Characters of the Entroido (Galician carnival) 

Warming up engines, the entroido is coming! In Galicia it is a very important festival, in fact, we have nine entroidos considered festivals of tourist interest. Two of them, that of Verín and that of Xinzo, are also festivals of national and international interest respectively. Although it is celebrated everywhere, it is in the province of Ourense where we find the most traditional characters. 

To get fully into the environment, we are going to get closer to each one of them. Who is who in the Galician entroido? 

Pantallas (Xinzo de Limia). In Xinzo it happens that before the end of one year’s party, they are already thinking about the next. It is that here the entroido seems infinite, it does not last a week, but five weekends! Who gives more? And, who are the protagonists?: the pantallas. They wear a mask painted with a face like a mocking demon. They also carry colored crests. The shirt and breeches are white, leggings and shoes black, cape red or black, red sash with cowbells and kerchief. Not that they go unnoticed! As if they weren’t making enough of a fuss with the cowbells on their belts, they beat two inflated animal bladders, as if they were balloons. Beware of the pantallas, which are the ones that make people firm. Woe to us if we go without disguise… 

Cigarróns (Verín). The cigarróns have to be in shape for the party. The suit can weigh up to 25 kg! They say that the origin of the character may be in the old tax collectors or in some similar position. Be careful, they are armed with a whip! We can recognize them by the painted mask with mustaches and blushes, which is extended into a tin miter with animal or astral symbols, with pompoms at the ends, finished off at the back with an animal skin. They are very elegant: jacket, white shirt, red tie, pants with tassels, white stockings and black shoes. Above the sash they wear a belt with six large cowbells to keep time. In the parade, whip in hand, they are imposing order.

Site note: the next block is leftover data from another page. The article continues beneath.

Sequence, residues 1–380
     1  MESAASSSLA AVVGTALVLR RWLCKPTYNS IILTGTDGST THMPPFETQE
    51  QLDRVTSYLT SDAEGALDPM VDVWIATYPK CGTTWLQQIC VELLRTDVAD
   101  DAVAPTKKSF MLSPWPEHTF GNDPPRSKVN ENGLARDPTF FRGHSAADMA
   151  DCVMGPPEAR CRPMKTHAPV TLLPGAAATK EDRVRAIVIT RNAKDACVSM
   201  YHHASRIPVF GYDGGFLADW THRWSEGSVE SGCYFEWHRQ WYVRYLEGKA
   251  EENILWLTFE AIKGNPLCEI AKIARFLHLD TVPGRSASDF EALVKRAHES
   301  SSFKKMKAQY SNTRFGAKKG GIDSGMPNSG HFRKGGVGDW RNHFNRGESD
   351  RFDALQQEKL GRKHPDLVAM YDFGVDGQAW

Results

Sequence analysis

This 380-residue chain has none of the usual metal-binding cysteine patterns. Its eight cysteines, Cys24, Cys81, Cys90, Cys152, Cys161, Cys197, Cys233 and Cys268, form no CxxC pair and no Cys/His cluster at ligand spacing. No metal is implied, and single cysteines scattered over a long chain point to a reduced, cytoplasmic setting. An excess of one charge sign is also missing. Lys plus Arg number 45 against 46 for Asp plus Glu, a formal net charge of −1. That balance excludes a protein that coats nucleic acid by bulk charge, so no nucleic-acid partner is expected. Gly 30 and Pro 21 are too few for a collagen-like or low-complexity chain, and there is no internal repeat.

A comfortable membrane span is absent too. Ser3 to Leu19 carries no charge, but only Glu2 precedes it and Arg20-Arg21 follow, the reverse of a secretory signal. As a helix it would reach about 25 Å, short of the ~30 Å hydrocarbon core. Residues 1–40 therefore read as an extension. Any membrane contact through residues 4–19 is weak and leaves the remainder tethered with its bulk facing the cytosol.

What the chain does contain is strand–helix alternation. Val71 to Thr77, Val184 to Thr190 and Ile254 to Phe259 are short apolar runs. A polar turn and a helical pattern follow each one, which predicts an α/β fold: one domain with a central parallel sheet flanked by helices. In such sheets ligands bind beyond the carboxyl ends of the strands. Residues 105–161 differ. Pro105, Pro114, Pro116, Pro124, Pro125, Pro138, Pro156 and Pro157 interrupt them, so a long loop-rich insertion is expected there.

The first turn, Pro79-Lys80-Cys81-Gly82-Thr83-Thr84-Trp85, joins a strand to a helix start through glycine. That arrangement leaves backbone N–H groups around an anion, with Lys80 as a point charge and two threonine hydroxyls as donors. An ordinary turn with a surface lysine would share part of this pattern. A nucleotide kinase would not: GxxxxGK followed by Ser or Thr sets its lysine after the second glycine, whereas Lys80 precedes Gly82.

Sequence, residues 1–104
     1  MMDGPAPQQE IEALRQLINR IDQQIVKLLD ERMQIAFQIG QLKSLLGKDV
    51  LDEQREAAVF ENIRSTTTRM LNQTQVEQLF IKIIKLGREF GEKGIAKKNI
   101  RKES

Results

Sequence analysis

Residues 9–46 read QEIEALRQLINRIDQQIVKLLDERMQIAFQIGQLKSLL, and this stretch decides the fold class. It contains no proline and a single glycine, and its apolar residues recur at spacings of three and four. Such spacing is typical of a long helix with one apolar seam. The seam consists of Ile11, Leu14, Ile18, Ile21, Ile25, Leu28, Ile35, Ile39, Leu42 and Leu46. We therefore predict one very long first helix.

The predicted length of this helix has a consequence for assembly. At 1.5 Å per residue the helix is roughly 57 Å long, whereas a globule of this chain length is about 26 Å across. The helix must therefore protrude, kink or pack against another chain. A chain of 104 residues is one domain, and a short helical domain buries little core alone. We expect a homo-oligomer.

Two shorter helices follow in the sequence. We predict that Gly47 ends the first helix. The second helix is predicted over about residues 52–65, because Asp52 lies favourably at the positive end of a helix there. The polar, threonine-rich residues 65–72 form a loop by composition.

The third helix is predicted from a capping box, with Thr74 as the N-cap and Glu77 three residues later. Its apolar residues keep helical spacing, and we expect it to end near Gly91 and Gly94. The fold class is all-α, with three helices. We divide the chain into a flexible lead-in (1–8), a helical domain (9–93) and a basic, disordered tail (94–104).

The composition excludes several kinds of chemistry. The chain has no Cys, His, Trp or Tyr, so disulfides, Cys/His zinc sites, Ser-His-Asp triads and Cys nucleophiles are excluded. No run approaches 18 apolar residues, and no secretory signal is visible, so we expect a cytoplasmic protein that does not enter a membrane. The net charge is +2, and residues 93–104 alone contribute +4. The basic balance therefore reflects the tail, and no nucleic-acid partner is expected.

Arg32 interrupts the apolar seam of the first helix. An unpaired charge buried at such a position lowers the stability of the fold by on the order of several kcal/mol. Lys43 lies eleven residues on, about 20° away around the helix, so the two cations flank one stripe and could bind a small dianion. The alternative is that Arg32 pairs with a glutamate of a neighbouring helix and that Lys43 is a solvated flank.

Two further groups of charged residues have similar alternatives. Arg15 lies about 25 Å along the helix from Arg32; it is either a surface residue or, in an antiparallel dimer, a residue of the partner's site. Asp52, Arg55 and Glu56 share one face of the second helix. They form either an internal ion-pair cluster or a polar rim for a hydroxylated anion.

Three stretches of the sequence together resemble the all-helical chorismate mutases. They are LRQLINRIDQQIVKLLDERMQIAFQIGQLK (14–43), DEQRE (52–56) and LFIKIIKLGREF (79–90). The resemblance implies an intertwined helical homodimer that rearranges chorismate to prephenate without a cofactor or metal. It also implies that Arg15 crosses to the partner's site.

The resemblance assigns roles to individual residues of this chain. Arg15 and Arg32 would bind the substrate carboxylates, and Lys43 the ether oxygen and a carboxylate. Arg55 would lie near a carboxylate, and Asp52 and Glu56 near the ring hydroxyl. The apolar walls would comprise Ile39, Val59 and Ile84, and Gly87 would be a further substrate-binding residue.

Peliqueiros (Laza). Another 25 kg can weigh the costume of these characters. They cannot be touched or stained, but they can be insulted. The mask and miter and, of course, the animal pelica (skin), which is where the name peliqueiro comes from, are very similar to those of Verín; Logical, since they are nearby sites. Instead of the whip of cigarróns, they are armed with the “zamarra”, a whip to punish the clueless who walk around without disguise. 

Boteiros and folións (Viana do Bolo). The folións are troupes of about 30 or 40 people who carry agricultural tools and drums, their way of giving rhythm to the crowd through the streets. They say they play to scare away evil spirits. The boteiros are the ones that give way to the folións. They wear a mask topped with an incredible plume of colors. Multicolor is also the rest of the costume, made of silk ribbons. They wear bells on their belts and, when older, a large “monca”, a decorated stick that helps them bounce. Be careful, they can also use it to mess with the public…